U.K. starting salaries climbed by the most since October 2015 last month, boosted by a shortage of available workers in the midst of a hiring boom.
Vacancies rose at the quickest rate for 28 months in August, IHS Markit and the Recruitment and Employment Confederation said Friday, while the number of people placed into roles grew at the second-steepest rate since April 2015. The availability of workers continued to decline sharply, exacerbated by a fall in net migration from the European Union.
“In many areas of the jobs market candidate supply cannot meet demand,” said Kevin Green, chief executive of REC. “Employers are having to offer more money to secure the people with the skills they need.”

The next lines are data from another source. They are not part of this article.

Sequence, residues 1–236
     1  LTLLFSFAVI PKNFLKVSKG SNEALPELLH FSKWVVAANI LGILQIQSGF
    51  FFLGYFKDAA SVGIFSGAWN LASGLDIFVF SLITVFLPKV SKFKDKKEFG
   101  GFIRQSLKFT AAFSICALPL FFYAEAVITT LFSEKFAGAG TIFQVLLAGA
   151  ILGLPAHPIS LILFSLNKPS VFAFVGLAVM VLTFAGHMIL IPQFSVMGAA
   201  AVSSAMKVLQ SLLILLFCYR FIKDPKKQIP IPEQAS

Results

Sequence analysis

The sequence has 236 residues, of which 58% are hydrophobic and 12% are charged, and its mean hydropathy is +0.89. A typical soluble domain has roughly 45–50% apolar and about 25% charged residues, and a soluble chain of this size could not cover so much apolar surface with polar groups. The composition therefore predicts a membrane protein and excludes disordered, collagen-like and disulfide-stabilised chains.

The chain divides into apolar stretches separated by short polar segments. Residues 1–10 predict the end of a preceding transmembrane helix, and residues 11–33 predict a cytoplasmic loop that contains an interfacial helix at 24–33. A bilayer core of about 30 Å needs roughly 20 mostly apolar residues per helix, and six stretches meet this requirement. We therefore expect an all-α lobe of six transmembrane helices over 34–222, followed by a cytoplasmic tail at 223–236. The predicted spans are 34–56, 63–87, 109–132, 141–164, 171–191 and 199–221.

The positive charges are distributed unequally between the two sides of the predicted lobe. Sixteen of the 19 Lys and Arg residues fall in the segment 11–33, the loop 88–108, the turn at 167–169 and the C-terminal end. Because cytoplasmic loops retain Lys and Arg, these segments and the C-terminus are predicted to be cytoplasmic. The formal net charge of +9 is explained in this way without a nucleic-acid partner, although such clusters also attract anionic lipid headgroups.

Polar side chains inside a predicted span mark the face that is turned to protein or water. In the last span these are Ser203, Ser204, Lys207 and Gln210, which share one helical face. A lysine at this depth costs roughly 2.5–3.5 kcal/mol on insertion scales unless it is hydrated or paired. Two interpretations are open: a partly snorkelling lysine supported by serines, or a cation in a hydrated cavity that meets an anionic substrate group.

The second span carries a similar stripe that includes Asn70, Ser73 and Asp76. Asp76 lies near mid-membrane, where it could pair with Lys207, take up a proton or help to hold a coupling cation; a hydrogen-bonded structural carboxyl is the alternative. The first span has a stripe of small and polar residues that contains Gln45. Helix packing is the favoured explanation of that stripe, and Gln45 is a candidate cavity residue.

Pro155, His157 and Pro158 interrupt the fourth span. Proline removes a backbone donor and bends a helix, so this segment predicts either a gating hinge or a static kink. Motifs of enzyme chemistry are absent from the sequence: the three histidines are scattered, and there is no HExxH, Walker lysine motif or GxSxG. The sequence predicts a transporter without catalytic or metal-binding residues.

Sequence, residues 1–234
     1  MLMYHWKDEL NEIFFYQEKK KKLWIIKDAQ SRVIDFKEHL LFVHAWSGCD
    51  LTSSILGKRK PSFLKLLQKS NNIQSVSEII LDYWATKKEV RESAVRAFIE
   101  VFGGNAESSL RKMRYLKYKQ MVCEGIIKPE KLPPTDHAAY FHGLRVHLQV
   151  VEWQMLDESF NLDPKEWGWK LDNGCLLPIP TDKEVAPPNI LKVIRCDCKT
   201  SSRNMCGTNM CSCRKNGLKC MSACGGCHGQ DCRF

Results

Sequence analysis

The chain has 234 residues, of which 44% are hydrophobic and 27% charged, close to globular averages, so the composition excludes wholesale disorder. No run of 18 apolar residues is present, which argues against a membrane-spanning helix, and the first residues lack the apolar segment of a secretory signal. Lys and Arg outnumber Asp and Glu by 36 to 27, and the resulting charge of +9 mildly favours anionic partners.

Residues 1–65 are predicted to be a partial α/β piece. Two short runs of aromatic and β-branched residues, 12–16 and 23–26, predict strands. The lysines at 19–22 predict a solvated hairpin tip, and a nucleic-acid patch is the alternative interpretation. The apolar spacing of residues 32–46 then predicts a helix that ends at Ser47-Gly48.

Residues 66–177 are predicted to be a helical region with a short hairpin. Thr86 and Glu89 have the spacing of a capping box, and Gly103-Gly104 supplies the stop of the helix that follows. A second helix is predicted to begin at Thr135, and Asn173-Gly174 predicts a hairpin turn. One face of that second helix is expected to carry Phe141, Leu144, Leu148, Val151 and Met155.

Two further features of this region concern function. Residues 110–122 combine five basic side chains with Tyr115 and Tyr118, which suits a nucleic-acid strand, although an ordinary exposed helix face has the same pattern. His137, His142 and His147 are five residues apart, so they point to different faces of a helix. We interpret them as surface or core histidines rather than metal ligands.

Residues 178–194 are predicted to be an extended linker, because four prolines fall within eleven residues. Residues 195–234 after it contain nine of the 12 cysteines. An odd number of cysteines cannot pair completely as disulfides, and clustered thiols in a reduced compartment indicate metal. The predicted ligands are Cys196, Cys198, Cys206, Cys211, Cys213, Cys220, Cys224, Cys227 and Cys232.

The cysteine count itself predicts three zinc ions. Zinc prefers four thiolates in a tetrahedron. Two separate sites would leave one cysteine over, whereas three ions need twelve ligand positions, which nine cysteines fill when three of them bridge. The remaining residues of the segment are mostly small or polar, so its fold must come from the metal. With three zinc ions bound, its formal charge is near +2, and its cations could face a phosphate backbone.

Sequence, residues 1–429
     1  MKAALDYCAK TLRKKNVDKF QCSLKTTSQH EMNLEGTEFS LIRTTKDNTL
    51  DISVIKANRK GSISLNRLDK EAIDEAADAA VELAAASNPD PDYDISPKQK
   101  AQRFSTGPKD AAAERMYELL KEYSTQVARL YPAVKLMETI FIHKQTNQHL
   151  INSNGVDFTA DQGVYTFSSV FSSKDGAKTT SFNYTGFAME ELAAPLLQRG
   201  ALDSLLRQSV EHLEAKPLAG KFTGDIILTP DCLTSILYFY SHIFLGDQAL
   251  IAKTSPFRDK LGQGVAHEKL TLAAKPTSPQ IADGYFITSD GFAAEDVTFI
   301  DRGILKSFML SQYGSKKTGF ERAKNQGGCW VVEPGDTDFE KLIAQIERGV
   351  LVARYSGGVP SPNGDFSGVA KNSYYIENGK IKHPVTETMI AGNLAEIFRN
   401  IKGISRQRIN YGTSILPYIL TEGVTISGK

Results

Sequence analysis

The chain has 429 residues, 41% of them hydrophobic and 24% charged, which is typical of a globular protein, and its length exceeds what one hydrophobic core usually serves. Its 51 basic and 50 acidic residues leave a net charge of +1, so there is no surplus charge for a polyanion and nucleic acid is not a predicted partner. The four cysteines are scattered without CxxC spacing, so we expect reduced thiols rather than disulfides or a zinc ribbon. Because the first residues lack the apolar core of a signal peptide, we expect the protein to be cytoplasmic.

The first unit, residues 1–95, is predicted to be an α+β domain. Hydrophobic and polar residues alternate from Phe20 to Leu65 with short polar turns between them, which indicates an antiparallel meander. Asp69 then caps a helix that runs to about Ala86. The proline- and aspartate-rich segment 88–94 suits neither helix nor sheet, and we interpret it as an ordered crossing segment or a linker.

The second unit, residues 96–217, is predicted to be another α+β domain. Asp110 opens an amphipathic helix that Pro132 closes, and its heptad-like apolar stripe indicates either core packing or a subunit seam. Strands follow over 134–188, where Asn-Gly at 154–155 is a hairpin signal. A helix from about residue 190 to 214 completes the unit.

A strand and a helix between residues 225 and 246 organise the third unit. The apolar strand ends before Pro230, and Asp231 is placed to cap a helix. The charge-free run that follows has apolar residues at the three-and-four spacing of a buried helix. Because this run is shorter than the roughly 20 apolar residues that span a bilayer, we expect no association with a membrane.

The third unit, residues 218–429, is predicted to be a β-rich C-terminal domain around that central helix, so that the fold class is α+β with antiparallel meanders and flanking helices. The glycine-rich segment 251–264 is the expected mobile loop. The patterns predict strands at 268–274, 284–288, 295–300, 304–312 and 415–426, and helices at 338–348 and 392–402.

Soaring pay packets for new starters are a rare piece of good news for U.K. employees, who have seen average wage growth lag behind a surge in price growth driven by the pound’s decline since the Brexit vote. Real incomes were 0.5 percent lower than a year earlier in the second quarter, according to the Office for National Statistics, despite unemployment sitting at a four-decade low.
The report also showed temporary worker pay rose at the steepest rate in 16 months, while there was a “significant shortage” of people to fill blue collar roles such as drivers, electricians and construction workers, according to Green.
Demand in London continues to be subdued despite high demand for roles like financial directors and analysts, with recruitment in the capital the slowest of all regions.